Miscarriage, Pregnancy Loss, Termination, Stillbirth & Infant Death
A printable PDF of Common Symptoms After Pregnancy and Infant Loss is available for download here.
Perinatal loss is an unexpected, traumatic, and life-changing event (Caccitore, 2013; Gold, Leon, Boggs, & Sen, 2016; Kersting & Wagner, 2012).
It can cause severe distress (Gold, Leon, Boggs, & Sen, 2016) presenting as depression, anxiety, obsessive compulsive disorder, social phobia, post-traumatic stress, and suicidal ideations (Caccitore, 2013; Caccitore, Schnebly, & Froen, 2008; Gold, Boggs, Muzik, & Sen, 2014; Gold & Johnson, 2014; Hutti, 2004).
Bereaved mothers have 4 times greater odds of depressive symptomatology and 7 times increased odds of post-traumatic stress disorder than non-bereaved mothers (Gold, 2016).
Women pregnant after stillbirth had a higher prevalence of anxiety and depression compared with women with a previous live birth. Looking at the postpartum period, women who had experienced a stillbirth continued to be at greater risk for anxiety than women who had not experienced a stillbirth (Gravensteen et. al., 2018).
The existence of mental health problems is also an added risk factor for poor fetal outcomes during a subsequent pregnancy (Gold, Leon, Boggs, & Sen, 2016) and can negatively affect the attachment to this child (Gaudet, Sejourne, Camborieux, Rogers, & Chabrol, 2010; Hutti, 2004).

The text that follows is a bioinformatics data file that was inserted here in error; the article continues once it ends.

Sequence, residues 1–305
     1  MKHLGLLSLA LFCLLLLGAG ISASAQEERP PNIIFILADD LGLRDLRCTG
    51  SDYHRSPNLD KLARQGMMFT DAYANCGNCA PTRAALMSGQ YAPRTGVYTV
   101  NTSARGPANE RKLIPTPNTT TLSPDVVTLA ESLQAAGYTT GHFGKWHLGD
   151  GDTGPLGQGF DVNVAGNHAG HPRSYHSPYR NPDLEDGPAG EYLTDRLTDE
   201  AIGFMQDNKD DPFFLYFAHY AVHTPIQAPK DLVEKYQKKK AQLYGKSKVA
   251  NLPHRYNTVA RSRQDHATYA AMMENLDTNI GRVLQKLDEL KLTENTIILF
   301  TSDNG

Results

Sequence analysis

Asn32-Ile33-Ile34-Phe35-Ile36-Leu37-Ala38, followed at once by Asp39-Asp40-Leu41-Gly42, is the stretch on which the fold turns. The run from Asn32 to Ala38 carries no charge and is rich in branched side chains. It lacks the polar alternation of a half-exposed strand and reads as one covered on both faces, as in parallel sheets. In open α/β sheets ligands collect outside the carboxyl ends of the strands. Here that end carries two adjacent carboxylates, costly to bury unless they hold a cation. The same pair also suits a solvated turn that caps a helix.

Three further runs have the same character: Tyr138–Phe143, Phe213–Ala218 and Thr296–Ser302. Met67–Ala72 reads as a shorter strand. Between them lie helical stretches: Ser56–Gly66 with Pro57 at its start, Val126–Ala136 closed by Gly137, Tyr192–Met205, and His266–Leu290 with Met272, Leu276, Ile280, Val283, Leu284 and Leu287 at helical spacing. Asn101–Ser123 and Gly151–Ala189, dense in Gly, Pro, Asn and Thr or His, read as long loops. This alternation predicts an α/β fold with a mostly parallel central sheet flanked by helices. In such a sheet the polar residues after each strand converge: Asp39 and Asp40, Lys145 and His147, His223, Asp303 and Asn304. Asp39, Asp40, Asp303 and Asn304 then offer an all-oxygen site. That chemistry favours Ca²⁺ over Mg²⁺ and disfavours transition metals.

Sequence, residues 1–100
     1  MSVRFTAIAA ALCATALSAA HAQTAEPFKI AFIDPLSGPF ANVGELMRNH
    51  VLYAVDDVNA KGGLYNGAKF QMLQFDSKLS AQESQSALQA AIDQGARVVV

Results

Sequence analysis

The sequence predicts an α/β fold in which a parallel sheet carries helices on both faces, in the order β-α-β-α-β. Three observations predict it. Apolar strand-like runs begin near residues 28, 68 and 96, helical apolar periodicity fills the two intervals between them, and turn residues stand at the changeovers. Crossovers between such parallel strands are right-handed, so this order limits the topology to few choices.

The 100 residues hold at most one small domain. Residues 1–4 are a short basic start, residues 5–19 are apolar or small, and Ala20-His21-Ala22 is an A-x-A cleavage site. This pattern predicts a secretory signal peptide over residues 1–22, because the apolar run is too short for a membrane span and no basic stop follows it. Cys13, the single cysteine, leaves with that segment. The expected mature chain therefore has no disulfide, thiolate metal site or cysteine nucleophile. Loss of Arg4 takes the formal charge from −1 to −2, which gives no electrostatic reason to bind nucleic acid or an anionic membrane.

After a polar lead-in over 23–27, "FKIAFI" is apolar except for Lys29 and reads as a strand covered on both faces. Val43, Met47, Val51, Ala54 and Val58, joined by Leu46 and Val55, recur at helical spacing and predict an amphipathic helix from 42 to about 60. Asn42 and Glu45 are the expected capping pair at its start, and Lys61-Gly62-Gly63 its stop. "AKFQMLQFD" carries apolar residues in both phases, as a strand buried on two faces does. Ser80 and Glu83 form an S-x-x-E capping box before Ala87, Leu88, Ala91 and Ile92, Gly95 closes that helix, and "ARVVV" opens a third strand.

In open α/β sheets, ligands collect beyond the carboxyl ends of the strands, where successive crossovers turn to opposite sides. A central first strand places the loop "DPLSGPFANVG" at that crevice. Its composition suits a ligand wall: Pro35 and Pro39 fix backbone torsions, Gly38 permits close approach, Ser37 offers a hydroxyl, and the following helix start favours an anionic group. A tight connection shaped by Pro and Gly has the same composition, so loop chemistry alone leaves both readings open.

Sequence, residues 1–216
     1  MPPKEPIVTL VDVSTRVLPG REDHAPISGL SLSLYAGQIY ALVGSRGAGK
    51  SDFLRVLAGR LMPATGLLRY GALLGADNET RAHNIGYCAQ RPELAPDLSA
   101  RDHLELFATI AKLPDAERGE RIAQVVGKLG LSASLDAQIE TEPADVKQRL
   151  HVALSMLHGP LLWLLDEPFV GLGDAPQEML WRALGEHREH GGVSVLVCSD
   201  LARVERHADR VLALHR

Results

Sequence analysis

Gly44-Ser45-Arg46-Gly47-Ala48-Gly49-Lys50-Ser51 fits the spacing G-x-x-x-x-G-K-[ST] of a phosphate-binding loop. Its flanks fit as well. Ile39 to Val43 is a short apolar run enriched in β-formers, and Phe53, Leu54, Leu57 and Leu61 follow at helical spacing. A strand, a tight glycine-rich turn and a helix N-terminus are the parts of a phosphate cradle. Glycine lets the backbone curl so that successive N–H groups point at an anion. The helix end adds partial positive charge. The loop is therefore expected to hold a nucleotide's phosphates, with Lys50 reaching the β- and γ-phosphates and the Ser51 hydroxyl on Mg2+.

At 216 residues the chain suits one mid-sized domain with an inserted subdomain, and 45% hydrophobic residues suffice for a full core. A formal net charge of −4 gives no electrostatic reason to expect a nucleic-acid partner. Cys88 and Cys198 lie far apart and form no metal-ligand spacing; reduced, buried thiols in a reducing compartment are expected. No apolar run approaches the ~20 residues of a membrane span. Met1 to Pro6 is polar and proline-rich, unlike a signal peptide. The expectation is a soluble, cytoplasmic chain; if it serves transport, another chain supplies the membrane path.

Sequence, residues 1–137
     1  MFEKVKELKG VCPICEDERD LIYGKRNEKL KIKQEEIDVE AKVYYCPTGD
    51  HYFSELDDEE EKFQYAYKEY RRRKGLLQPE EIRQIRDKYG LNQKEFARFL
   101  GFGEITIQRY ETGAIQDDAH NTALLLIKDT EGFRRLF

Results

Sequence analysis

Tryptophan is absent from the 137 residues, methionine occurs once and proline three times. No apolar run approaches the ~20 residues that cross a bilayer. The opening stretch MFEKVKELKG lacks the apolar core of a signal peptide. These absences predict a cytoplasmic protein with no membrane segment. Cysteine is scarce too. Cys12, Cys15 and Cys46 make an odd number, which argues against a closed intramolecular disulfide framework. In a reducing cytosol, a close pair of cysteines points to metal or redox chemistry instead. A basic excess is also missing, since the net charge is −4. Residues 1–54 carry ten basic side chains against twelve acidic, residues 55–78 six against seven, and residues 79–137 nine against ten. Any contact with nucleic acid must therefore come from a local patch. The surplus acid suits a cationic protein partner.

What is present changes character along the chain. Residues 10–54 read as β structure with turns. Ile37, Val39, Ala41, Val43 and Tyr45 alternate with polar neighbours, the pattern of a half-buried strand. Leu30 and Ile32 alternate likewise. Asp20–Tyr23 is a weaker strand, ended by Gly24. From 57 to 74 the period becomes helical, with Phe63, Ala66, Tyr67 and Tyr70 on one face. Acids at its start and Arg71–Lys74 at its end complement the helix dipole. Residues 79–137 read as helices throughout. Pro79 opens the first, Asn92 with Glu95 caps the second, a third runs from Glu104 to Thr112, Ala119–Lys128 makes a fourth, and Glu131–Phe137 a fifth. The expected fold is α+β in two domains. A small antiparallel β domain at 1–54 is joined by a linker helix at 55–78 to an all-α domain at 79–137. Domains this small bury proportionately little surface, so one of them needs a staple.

After this type of loss, a mother’s values, beliefs, and spirituality can be challenged.
The experience of death at birth is an existential dilemma (Uren & Wastell, 2002).
The mother’s assumptive world is jeopardized (Uren & Wastell, 2002) and things that once had meaning to her no longer do.
Loss Affects Everyday Life
The death of an infant impairs a mother’s day-to-day functioning (Kersting & Wagner, 2012; Jaffe, 2014).
Mothers report changed appetite and sleep patterns, decreased social participation, decreased marital satisfaction, and increased isolation (Caccitore, Froen, & Killian, 2013; Caccitore, Schnebly, & Froen, 2008; Kersting & Wagner, 2012).
This type of loss frequently affects her professional career and relationships with workplace colleagues (Caccitore, 2013; Jaffe, 2014).
Cultural Reactions to the Death of a Baby
Perinatal loss leads to the deconstruction of motherhood and role confusion (Caccitore, 2013).
Society does not recognize this type of death, and without a live baby in her arms, the mother has lost her maternal identity (Caccitore, 2013). This is also known as disenfranchised grief.
There is social pressure to forget the baby who died, move on, and try to have other children (Caccitore, 2013).
Perinatal loss also carries a stigma with it, leaving these mothers to feel shame and guilt (Caccitore, 2013; Kersting & Wagner, 2012).
Women report a discrepancy between the intensity of their grief and the extent to which they are allowed to express it (Uren & Wastell, 2002).
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